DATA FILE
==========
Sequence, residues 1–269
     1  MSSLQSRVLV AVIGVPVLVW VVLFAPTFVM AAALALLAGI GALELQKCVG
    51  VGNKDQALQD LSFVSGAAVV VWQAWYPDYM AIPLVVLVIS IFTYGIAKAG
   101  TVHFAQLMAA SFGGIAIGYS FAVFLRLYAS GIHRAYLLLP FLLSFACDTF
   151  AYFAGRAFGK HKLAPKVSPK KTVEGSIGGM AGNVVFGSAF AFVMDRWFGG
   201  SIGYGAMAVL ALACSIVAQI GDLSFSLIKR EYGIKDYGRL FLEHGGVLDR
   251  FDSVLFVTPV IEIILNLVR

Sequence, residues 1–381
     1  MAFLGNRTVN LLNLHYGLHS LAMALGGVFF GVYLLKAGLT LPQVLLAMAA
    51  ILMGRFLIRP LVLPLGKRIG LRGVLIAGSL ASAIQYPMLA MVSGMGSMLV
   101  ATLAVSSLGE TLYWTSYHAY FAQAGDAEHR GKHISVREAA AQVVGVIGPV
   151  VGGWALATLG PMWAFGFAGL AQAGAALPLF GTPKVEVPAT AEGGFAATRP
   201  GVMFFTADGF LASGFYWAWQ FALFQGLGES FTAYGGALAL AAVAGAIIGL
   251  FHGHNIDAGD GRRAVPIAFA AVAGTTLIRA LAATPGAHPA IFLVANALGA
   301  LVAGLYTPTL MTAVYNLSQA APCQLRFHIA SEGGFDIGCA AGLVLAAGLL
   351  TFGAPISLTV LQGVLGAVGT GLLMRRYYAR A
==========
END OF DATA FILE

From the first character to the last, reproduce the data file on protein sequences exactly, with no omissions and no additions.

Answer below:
Sequence, residues 1–269
     1  MSSLQSRVLV AVIGVPVLVW VVLFAPTFVM AAALALLAGI GALELQKCVG
    51  VGNKDQALQD LSFVSGAAVV VWQAWYPDYM AIPLVVLVIS IFTYGIAKAG
   101  TVHFAQLMAA SFGGIAIGYS FAVFLRLYAS GIHRAYLLLP FLLSFACDTF
   151  AYFAGRAFGK HKLAPKVSPK KTVEGSIGGM AGNVVFGSAF AFVMDRWFGG
   201  SIGYGAMAVL ALACSIVAQI GDLSFSLIKR EYGIKDYGRL FLEHGGVLDR
   251  FDSVLFVTPV IEIILNLVR

Sequence, residues 1–381
     1  MAFLGNRTVN LLNLHYGLHS LAMALGGVFF GVYLLKAGLT LPQVLLAMAA
    51  ILMGRFLIRP LVLPLGKRIG LRGVLIAGSL ASAIQYPMLA MVSGMGSMLV
   101  ATLAVSSLGE TLYWTSYHAY FAQAGDAEHR GKHISVREAA AQVVGVIGPV
   151  VGGWALATLG PMWAFGFAGL AQAGAALPLF GTPKVEVPAT AEGGFAATRP
   201  GVMFFTADGF LASGFYWAWQ FALFQGLGES FTAYGGALAL AAVAGAIIGL
   251  FHGHNIDAGD GRRAVPIAFA AVAGTTLIRA LAATPGAHPA IFLVANALGA
   301  LVAGLYTPTL MTAVYNLSQA APCQLRFHIA SEGGFDIGCA AGLVLAAGLL
   351  TFGAPISLTV LQGVLGAVGT GLLMRRYYAR A